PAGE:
Monday funday again, and a good time to look back at a pretty good day fishing this past Saturday. After watching my brother’s house for a couple of days, watching his four neurotic dogs, and making sure my niece’s two new guinea pigs survived, I was ready to hit the water. Loaded up my neighbor Cliff’s new boat, and we headed for the bait shop. Jeff’s Bait and Tackle had some really nice looking crawler’s, and since I already had the crawler harnesses tied on, we moved on to Sterling State Park to launch the boat.
After leaving the dock, we ran into Captain Ken Clark of Fishmas Charter’s coming in with some happy clients. Have known Ken for a little under a year now, and we are both on staff with Church Tackle and Northland Tackle. He had fished on the south side of #1 and #2 buoys, and I let him know that I was running up to the Pointe and would report in later.
We set up in 24 feet of water, and with the wind blowing the waves to set up a Northeast to Southwest drift back towards the bay, that was the tack we took for our first drift. Before we had four rods in the water, Cliff pulled in a short 14 incher, and then I brought two more fish to the boat. Five minutes, three hookups, you would think we were rolling in the eyes. For that first drift we did, catching three more legal sized walleye on a combination of Big Eye Custom Lure #6 spinner blades. Really no pattern to report; pinks, purples and a combination of white patterns all caught fish during the day.
Pulled up the gear and went back for another pass after catching five white perch in a row. Went back along the same track, and Erie being Erie, didn’t catch a single fish. We did everything the same; ran the two ounce Bass Pro fish weights at the same depths, and kept the speeds right in the same zone at 1.2-1.4 mph. After not catching, we picked up gear, I ran the harness lines to check for nicks in the line, because you never want to lose a fish because your harness is wore out. And to be honest, I hate losing good blades because I was too lazy to make sure the gear wasn’t in good shape.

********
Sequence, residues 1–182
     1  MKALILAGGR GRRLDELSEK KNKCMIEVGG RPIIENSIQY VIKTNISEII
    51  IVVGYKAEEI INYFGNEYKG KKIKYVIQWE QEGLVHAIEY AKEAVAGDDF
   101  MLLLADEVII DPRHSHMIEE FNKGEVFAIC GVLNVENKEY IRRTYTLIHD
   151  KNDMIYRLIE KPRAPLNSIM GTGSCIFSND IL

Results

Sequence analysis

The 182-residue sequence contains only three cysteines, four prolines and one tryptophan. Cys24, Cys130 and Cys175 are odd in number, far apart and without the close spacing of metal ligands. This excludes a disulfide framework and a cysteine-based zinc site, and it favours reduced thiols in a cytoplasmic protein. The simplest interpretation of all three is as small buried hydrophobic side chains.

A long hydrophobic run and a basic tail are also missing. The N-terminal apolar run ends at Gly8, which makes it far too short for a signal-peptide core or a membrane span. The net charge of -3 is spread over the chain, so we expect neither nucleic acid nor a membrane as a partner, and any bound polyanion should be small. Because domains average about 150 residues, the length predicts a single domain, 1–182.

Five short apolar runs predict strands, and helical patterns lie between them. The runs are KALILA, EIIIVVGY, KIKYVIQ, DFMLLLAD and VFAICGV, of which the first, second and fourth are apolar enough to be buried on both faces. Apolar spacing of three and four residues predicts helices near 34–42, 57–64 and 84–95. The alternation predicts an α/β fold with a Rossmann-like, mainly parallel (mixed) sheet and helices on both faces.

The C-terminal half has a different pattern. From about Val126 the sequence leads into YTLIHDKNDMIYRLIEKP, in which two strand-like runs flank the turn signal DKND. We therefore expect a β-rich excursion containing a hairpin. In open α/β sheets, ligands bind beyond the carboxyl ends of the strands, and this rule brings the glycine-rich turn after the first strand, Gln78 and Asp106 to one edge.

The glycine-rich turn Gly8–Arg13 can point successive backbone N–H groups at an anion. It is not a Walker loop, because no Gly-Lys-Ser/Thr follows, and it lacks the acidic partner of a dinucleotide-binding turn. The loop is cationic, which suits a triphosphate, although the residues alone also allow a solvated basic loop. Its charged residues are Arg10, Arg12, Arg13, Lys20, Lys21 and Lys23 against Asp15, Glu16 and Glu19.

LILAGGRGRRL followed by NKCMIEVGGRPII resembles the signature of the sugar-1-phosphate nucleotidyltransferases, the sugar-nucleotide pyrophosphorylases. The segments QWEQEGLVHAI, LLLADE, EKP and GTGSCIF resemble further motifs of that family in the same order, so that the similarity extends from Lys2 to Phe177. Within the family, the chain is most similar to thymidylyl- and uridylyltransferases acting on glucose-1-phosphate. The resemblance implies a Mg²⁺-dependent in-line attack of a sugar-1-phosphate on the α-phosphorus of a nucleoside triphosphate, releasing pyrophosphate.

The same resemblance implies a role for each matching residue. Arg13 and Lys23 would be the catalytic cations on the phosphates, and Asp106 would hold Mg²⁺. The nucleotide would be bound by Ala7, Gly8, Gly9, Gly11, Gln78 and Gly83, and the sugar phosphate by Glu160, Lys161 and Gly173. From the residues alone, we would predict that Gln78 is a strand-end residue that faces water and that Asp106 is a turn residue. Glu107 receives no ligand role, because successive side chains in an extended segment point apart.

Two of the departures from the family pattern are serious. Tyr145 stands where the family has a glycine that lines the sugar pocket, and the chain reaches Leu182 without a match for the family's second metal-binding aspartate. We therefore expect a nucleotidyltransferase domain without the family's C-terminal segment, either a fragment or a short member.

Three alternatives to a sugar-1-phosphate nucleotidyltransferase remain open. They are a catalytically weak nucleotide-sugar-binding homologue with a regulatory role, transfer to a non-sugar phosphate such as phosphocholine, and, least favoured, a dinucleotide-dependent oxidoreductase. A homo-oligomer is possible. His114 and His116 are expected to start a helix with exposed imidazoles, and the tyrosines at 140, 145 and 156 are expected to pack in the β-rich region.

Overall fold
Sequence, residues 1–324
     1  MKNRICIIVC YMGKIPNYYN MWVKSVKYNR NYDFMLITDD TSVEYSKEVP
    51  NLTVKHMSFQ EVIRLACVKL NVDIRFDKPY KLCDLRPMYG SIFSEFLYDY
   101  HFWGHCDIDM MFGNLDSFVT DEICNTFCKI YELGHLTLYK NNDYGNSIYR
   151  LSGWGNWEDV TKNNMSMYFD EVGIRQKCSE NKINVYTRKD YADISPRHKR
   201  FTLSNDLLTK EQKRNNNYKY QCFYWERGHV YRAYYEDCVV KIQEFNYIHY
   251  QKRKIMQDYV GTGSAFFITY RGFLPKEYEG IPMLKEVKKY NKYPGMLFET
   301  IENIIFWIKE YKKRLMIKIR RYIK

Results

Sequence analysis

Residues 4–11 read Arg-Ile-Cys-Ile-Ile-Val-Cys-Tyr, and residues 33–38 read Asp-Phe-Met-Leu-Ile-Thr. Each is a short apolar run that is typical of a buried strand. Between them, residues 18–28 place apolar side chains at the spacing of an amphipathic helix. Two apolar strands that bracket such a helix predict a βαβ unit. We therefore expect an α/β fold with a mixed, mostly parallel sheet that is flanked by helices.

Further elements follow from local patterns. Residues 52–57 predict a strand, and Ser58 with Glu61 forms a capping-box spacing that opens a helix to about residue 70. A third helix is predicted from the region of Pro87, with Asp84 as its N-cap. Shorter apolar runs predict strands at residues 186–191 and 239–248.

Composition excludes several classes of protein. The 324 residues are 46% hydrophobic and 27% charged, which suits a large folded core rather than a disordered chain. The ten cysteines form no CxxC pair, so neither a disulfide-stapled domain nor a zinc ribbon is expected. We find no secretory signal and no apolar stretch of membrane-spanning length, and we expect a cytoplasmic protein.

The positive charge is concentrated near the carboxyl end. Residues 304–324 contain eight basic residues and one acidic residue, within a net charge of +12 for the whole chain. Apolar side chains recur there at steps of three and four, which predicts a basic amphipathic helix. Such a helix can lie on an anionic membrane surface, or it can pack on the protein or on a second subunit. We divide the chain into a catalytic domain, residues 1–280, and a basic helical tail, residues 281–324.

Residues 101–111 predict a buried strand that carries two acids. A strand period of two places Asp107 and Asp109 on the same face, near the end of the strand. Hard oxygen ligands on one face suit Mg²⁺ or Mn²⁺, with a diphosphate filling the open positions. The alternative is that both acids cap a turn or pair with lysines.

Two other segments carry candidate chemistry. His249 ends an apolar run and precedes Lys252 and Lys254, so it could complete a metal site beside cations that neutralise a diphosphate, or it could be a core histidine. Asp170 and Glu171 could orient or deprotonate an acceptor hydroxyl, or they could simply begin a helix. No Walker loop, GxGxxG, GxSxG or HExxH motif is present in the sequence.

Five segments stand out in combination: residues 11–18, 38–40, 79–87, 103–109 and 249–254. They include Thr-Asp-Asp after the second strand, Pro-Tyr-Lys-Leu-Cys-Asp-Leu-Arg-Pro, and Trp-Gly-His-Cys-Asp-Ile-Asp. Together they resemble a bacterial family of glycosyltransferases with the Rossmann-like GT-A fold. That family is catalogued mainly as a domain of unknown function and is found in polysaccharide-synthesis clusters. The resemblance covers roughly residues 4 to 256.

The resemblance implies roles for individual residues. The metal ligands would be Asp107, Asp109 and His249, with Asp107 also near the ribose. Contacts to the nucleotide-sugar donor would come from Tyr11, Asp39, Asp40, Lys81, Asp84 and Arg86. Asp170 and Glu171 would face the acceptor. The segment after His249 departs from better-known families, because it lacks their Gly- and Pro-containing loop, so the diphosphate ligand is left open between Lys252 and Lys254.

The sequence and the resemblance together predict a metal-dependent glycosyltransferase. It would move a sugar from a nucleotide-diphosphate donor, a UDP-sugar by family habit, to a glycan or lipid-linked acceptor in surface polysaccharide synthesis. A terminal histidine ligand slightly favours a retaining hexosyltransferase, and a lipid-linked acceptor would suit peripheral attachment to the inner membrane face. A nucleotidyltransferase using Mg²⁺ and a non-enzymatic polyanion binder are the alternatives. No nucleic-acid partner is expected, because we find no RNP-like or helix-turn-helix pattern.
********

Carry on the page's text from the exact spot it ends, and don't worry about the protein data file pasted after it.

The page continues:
Although the skies were overcast most of the day, my thought process was that the fish had gone out to deeper water as the day progressed. As the sun comes up on most warm days, I have found that the walleye seem to progress out to deeper water to find their comfort zone. Saturday was not normal so I didn’t worry about it, wrong, should have followed my hunch right away. We set up in 26 fow and our drift would take us towards the river channel. You would think the strategy was going to quickly pay off when we landed our first walleye shortly after getting all six rods in the water.
Not so much though, it was a grind to get six more fish in the boat, but we were catching. We did lose a nice one at the boat that had some weight to it. You can almost always tell its a walleye because they will come in smoothly, like dragging a weight, but if they stay down, its probably and eye. The second tell tale sign is that they don’t go crazy until we what we call, “seeing the boat.” That is when the thrashing starts, since my rigs are tied to 7 foot in length they usually go nuts when I can see the weight. If they are head shaking before that, 90% of the time its usually a sheepshead.
Quick Note: Whether my blades come from Big Eye or Northland Tackle, I hand tie all my own gear. My general rule of thumb is that I want my harnesses to be as long as my rod will allow. There are two factors when considering the length of the rig versus the rod, first off is total length, which is simple enough. The second is the action of the rod, and although my Premier Glass trolling rods are a medium/moderate action, they don’t have a lot of bend to them. All this means is that I can tie my rigs a little bit longer, and for those big spooky walleye, it keeps the meat away from the lead weight, even if it does look like a fish. If I was using a softer glass rod, say a downrigger rod for an example, which has a lot of give/bend to the rod, I would tie the rigs 5 to 6 foot in length, depending on the length of those rods. It is all about being to handle the rod with a fish on, and being able to get the net into position.
Finally we got our 12th fish to finish off our two man limit for the day. It was also our biggest fish of the day coming in at 7.75 pounds. Thought we had the winning weight for the walleye contest at Jeff’s Bait. We get to the bait shop feeling a little confident, which always seems to be a bad thing when it comes to fishing. Case in point, the winning weight was 8.8 lbs, over a pound more than we had. As they say, that’s fishing.